Storm Deals County a Blow on Construction Progress of Office/Recreation Complex

May 26, 2011
Dwayne Page
County Owned Shopping Center Building Damaged in Storm
Central unit dislodged from roof and moved to the spot pictured here
Roof damage from Thursday morning storm at county owned shopping center building
View of damage to central units and rooftop of county owned Town and Cou
View from inside shopping center building shows large hole in roof

Repairs to the county owned Town and Country Shopping Center building from Thursday morning's storm could cost as much as one million dollars. The county's Insurance carrier has been notified of the damage.

County Mayor Mike Foster told WJLE Thursday afternoon that the powerful winds tore loose brand new central heat and air units from the top of the building and tossed them across the roof, causing even more damage to the structure. "The wind tore the deck and everything off the roof of the back corner (southeast corner). The central units that are on top (of the building), which are from five ton to ten ton units, several of them tore loose and rolled across the top and pretty much destroyed the new roof. A lot of the debris from the storm also blew into the front (of the building) and did some damage but that's pretty minor. The big thing is where the roof was torn up. We also got a lot of water down through the sheet rock in the building. We're trying to get the front cleaned up because there's nails and screws everywhere and they (construction laborers) can't work so we have to try and get this all cleaned up, run a magnet over it, so that they can get back to work," said Foster.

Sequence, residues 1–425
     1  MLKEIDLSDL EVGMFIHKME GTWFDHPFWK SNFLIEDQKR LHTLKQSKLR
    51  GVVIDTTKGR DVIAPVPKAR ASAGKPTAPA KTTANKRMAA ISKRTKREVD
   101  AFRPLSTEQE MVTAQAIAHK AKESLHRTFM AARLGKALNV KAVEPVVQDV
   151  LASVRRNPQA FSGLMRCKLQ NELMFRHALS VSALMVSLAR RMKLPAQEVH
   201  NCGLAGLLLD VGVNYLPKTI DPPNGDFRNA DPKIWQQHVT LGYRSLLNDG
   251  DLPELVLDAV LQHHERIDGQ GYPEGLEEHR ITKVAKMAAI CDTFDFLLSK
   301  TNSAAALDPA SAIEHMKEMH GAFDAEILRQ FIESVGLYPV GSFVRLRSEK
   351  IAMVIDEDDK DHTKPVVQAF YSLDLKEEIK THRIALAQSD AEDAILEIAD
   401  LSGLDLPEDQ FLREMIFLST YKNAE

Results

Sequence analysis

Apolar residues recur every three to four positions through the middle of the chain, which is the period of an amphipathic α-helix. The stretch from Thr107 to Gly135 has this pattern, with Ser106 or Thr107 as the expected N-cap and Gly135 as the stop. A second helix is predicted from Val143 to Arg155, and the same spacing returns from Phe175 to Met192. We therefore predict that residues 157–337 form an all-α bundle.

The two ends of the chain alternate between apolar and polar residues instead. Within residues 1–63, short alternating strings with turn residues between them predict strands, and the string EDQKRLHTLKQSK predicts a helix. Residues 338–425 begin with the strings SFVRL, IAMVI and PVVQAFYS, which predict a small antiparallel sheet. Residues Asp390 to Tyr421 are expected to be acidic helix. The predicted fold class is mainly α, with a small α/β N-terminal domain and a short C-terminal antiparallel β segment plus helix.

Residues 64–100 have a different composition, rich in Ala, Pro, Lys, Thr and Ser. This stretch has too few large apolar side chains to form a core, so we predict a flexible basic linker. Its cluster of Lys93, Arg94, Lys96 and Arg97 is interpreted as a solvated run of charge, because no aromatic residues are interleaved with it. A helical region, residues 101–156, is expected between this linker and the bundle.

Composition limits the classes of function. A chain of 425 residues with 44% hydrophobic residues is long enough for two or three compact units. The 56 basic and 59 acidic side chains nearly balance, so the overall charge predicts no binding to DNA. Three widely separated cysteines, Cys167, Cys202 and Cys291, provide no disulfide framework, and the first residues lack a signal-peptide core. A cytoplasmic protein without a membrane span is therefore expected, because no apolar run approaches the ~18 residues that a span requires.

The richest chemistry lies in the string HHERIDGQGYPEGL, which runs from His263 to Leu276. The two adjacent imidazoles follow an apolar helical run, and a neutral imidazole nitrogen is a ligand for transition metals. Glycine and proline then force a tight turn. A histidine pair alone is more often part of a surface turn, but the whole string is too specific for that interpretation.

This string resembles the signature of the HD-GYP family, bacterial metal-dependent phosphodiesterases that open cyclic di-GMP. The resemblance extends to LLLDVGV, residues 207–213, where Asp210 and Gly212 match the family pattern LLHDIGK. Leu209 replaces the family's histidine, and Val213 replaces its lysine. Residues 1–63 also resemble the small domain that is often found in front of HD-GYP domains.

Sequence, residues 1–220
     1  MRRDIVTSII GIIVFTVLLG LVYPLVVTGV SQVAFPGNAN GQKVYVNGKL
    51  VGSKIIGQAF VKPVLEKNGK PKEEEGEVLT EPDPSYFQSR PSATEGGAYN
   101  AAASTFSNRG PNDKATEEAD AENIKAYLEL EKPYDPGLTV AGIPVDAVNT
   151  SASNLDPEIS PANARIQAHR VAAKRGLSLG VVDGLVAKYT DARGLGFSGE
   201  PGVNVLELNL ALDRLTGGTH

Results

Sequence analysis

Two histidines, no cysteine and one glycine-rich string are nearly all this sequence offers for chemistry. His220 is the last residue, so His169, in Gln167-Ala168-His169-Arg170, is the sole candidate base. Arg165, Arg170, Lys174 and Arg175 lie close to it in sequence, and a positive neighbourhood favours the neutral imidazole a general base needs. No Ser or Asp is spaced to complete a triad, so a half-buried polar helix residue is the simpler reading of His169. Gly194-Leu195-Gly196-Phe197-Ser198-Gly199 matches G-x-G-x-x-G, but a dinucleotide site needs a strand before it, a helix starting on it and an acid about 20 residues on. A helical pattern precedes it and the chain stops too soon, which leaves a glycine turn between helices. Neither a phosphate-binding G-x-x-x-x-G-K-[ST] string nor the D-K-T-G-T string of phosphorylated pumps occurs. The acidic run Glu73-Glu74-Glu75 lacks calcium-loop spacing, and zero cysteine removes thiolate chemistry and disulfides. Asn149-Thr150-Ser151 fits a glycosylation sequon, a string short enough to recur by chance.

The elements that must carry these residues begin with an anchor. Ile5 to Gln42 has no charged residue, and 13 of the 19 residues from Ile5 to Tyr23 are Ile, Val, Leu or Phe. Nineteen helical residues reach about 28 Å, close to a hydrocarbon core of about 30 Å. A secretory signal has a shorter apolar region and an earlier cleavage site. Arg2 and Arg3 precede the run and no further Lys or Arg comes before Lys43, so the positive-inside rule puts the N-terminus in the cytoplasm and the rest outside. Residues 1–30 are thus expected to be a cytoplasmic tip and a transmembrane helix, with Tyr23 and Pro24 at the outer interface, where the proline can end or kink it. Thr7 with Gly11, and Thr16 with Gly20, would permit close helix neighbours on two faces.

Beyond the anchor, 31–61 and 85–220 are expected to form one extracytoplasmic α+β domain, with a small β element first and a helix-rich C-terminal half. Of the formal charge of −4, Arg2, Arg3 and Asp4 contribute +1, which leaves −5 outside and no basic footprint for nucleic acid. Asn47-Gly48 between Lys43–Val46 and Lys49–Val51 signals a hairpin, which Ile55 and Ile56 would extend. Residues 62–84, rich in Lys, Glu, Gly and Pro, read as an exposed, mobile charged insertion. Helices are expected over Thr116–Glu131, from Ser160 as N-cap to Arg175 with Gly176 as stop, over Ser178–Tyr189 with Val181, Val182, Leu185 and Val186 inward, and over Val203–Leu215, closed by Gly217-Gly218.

"I would image the roof and the central units are probably (going to cost) about six hundred thousand dollars (to repair or replace) plus whatever damage there is to the front and the interior. It'll probably be (total) somewhere between $750,000 to one million dollars," said Foster. " We have contacted our insurance carrier through the local government insurance pool. They told us to go ahead with cleanup. They're going to come and do an inspection and we'll go from there," he added.

While the construction was far from complete, Foster said the portion of the complex where the UCHRA is leasing from the county, was to be finished within a few days. "I'd say it'll set us back a month because if you see the roof, the units that are still in place are sort of turned sideways or blown over. They're going to have to be done (removed) and I'm pretty well thinking they're going to have to put a complete new roof on it. That will be the major thing. They're trying to get some vacuums in now to get the water out. As long as they keep it fairly shallow, we probably won't have any major damage to that part of the sheet rock except where (the water) really poured down on it. It (damage) is much worse on the south end (of the building) but it gets progressively better as you go down toward the north end.," said Foster.

According to Foster, the Farmers Market shed also sustained some minor damage from the storm. "I think we'll only have to replace three or four pieces of metal," he concluded.

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